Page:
Gasoline is pretty amazing stuff. It has a high energy density, can be manufactured and delivered for less than the cost per ounce of bottled water and has allowed a transportation infrastructure to be developed that has reshaped the face of America. It has changed how and where we live and work. If it weren’t for the minor issues that we are rapidly running out of the stuff and that burning it trashes our planet, we would be good to go.
A lot of thought and research has gone into thinking about what we can replace it with for transportation. While battery powered vehicles get a lot of press, there are some pretty fundamental limits that will restrict their use. Basically, the problem is that batteries are mostly a terrible way to store energy. In a world with Moore’s Law telling us that semiconductors and computers get a factor of two better every 18-24 months, progress in batteries pokes along at a pretty leisurely pace. Your great-grandfather would recognize a “D” cell and know what it does but would have no clue about what your IPhone is.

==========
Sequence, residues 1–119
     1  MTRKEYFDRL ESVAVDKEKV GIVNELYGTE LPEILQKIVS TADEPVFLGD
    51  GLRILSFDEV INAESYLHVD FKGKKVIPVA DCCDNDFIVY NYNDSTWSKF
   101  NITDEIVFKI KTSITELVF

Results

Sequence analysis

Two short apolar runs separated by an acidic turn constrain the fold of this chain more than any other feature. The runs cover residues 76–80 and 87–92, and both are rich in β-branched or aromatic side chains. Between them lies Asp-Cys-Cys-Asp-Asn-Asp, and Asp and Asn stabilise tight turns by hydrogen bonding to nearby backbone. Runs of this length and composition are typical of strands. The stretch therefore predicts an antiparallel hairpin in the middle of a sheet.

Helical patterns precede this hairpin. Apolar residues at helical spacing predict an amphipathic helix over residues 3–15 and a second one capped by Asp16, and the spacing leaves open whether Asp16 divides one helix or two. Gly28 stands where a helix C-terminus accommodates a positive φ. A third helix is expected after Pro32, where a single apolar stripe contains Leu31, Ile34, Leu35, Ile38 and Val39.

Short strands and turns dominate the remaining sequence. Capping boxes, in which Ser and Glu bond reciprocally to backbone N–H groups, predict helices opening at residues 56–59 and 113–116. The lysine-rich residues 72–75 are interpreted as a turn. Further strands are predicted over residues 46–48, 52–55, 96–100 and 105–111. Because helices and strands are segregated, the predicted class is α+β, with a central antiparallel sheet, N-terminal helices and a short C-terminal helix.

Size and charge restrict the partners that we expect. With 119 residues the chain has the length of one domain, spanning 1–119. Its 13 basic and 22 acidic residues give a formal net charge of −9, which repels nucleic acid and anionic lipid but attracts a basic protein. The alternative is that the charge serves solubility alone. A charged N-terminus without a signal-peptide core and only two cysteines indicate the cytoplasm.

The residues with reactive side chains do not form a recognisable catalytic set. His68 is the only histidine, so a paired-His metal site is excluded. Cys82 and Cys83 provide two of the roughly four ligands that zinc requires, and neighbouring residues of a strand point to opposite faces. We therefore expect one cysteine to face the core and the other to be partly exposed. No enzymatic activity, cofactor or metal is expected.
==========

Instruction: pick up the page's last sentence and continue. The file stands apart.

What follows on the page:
So alternatives are being actively worked. One serious contender is what is called the “hydrogen economy”. Fuel cells can convert hydrogen into electricity cleanly, simply and without emitting any greenhouse gases and so one can envision powering cars with hydrogen. The Hindenburg notwithstanding, it is not a crazy idea. There is a lot of it on the planet, we call them the oceans, the fuel cell technology is rapidly progressing and many of the technical hurdles are being overcome. One such area with rapid progress is in how we generate the hydrogen to begin with.
Folks at Boston University are at the forefront of this research. Srikanth Gopalan and his co-workers are developing systems that act as catalysts for the decomposition of steam into hydrogen and oxygen. Using membranes made of Gd0.2Ce0.8O1.9-d-Gd0.08 Sr0.88Ti0.95Al0.05O 3+/-d they have found a way to separate hydrogen and oxygen. I know, it does look like a complicated system but that’s the kind of stuff scientists play with these days. What happens here is that the steam is placed on one side, a hydrocarbon fuel on the other, and the membrane conducts ionic** oxygen to the other side with a balancing flux of electrons leaving free hydrogen.
There is a lot of work to be done to make it inexpensive and scalable to industrial capacities but the research has real promise. So someday you might be driving to work using technologies developed at BU. Now, if we could only think of a way to reduce the traffic, that would really be something.
Oh, wait, we have invented a technology that will reduce the traffic in cities. But that is a story for another day.
*Electrochimica Acta 56 (2011) 6989-6996
**Two atoms were walking down the street and meet each other. One said “How are things?” “Not so good, I’ve lost an electron.” “That’s terrible, are you sure?” “I’m positive….”